PMID:22418926[PubMed - in process]



J Herb Pharmacother. 2005;5(1):17-26.

A preliminary investigation of the enzymatic inhibition of 5alpha-reduction and growth of prostatic carcinoma cell line LNCap-FGC by natural astaxanthin and Saw Palmetto lipid extract in vitro.

Anderson ML.
SourceResearch and Development, Triarco Industries, Wayne, NJ 07470, USA. mark.anderson@triarco.com

Abstract
Inhibition of 5alpha-reductase has been reported to decrease the symptoms of benign prostate hyperplasia (BPH) and possibly inhibit or help treat prostate cancer. Saw Palmetto berry lipid extract (SPLE) is reported to inhibit 5alpha-reductase and decrease the clinical symptoms of BPH. Epidemiologic studies report that carotenoids such as lycopene may inhibit prostate cancer.

In this investigation the effect of the carotenoid astaxanthin, and SPLE were examined for their effect on 5alpha-reductase inhibition as well as the growth of prostatic carcinoma cells in vitro. These studies support patent #6,277,417 B1.

The results show astaxanthin demonstrated 98% inhibition of 5alpha-reductase at 300 microg/mL in vitro.

Alphastat, the combination of astaxanthin and SPLE, showed a 20% greater inhibition of 5alpha-reductase than SPLE alone n vitro. A nine day treatment of prostatic carcinoma cells with astaxanthin in vitro produced a 24% decrease in growth at 0.1 mcg/mL and a 38% decrease at 0.01 mcg/mL. SPLE showed a 34% decrease at 0.1 mcg/mL.

CONCLUSIONS: Low levels of carotenoid astaxanthin inhibit 5alpha-reductase and decrease the growth of human prostatic cancer cells in vitro. Astaxanthin added to SPLE shows greater inhibition of 5alpha-reductase than SPLE alone in vitro.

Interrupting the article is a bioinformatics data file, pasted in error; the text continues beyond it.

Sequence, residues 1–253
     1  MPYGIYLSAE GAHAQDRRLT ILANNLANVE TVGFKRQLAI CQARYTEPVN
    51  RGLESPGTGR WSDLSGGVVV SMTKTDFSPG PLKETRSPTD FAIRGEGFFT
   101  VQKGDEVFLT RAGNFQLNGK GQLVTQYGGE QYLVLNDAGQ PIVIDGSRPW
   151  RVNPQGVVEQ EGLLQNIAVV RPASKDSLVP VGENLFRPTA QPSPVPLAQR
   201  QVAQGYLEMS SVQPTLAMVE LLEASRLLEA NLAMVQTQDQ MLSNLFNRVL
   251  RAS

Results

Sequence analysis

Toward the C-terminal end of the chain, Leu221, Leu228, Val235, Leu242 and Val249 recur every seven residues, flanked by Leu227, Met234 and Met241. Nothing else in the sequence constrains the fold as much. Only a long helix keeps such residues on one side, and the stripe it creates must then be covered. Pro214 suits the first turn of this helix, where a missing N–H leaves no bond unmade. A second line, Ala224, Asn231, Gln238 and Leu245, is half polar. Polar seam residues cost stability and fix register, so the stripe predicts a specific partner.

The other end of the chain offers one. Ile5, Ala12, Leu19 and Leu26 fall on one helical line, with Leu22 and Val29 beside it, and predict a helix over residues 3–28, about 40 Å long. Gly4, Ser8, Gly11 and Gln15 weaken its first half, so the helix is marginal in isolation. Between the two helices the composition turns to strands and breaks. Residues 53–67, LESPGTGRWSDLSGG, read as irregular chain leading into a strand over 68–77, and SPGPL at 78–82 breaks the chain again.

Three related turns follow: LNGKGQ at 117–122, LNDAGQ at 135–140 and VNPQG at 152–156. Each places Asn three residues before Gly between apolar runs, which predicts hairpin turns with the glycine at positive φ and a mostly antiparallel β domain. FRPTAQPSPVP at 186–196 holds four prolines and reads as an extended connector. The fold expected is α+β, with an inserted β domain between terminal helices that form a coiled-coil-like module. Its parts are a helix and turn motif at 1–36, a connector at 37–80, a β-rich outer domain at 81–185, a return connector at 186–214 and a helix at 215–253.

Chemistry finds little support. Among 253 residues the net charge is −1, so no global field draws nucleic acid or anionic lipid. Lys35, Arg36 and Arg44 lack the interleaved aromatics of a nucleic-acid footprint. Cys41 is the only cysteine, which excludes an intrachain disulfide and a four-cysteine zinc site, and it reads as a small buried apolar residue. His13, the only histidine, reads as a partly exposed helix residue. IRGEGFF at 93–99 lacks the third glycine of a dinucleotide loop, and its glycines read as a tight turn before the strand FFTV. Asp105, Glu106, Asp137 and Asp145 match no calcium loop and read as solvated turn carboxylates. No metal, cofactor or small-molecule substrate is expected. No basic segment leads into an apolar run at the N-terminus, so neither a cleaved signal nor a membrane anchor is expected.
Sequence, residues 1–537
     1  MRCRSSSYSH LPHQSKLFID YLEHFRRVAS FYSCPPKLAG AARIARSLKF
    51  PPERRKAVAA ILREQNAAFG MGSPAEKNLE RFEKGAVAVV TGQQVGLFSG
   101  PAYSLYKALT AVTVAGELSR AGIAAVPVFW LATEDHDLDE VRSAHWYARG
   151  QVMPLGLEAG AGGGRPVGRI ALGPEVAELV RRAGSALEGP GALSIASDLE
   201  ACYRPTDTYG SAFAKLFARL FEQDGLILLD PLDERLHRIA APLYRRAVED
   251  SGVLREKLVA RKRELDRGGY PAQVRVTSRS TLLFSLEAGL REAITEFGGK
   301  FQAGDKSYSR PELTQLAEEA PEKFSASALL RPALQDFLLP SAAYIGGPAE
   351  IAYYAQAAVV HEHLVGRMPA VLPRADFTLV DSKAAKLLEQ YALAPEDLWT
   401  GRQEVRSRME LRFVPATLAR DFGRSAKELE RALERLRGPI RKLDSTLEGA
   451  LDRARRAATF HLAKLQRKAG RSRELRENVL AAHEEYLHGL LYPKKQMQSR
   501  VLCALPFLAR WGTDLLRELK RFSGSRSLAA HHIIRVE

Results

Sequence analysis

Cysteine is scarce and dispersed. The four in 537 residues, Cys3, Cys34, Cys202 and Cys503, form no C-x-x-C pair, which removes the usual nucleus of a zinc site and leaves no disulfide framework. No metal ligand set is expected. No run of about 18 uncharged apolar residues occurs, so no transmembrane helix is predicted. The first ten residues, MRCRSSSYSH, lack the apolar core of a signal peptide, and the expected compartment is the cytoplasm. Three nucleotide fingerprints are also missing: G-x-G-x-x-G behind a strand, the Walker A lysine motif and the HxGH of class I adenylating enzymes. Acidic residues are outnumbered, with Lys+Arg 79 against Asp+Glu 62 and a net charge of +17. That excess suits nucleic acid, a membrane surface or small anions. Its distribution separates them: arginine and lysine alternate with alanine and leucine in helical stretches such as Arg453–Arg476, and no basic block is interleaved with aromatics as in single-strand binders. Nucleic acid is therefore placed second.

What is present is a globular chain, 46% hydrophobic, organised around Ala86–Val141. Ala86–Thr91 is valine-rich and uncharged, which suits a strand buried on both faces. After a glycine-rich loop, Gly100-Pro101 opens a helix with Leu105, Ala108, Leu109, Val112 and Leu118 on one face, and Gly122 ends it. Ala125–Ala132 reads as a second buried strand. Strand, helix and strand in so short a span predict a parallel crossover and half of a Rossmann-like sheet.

PMID:16093232[PubMed - indexed for MEDLINE]
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jackD
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Re: Wife with MS and Breast Cancer

Postby jackD » Mon Apr 16, 2012 12:06 pm

Biochem Biophys Res Commun. 2012 Apr 1. [Epub ahead of print]

Selective death of cancer cells by preferential induction of reactive oxygen species in response to (-)-epigallocatechin-3-gallate.

Min NY, Kim JH, Choi JH, Liang W, Ko YJ, Rhee S, Bang H, Ham SW, Park AJ, Lee KH.
SourceDepartment of Life Science, College of Natural Science, Chung-Ang University, Seoul 156-756, Republic of Korea.

Abstract
(-)-Epigallocatechin-3-gallate (EGCG) induces apoptosis in cancer cells without adversely affecting normal cells. Understanding the cancer-specific cytotoxic activity of EGCG is very important in defining the mechanism of tumorigenesis and identifying superb chemotherapeutic agents against cancer. We comparatively assayed human telomerase reverse transcriptase (hTERT)-mediated apoptosis by EGCG-induced reactive oxygen species (ROS) in normal cells and cancer cells. EGCG showed differential levels of ROS induction between the cell types; ROS, especially hydrogen peroxide, was highly induced in cancer cells, while it was not in normal cells. In addition, the higher level of ROS down-regulated hTERT via binding of CCCTC binding factor (CTCF) to the core promoter region of hTERT, which repressed hTERT expression. CTCF binding was epigenetically controlled by the demethylation of the previously hypermethylated site for CTCF, which was induced by down-regulation of DNA methyltransferase 1 (DNMT1). In contrast, hTERT down-regulation was not observed in normal cells. These results suggest that preferential death of cancer cells by EGCG could be caused by the cancer-specific induction of ROS and epigenetic modulation of expression of apoptosis-related genes, such as hTERT.

Copyright © 2012. Published by Elsevier Inc.

PMID:22487794[PubMed - as supplied by publisher]

Int J Oncol. 2004 Mar;24(3):703-10.

EGCG down-regulates telomerase in human breast carcinoma MCF-7 cells, leading to suppression of cell viability and induction of apoptosis.

Mittal A, Pate MS, Wylie RC, Tollefsbol TO, Katiyar SK.
SourceDepartment of Dermatology, University of Alabama at Birmingham, Birmingham, AL 35294, USA.

Abstract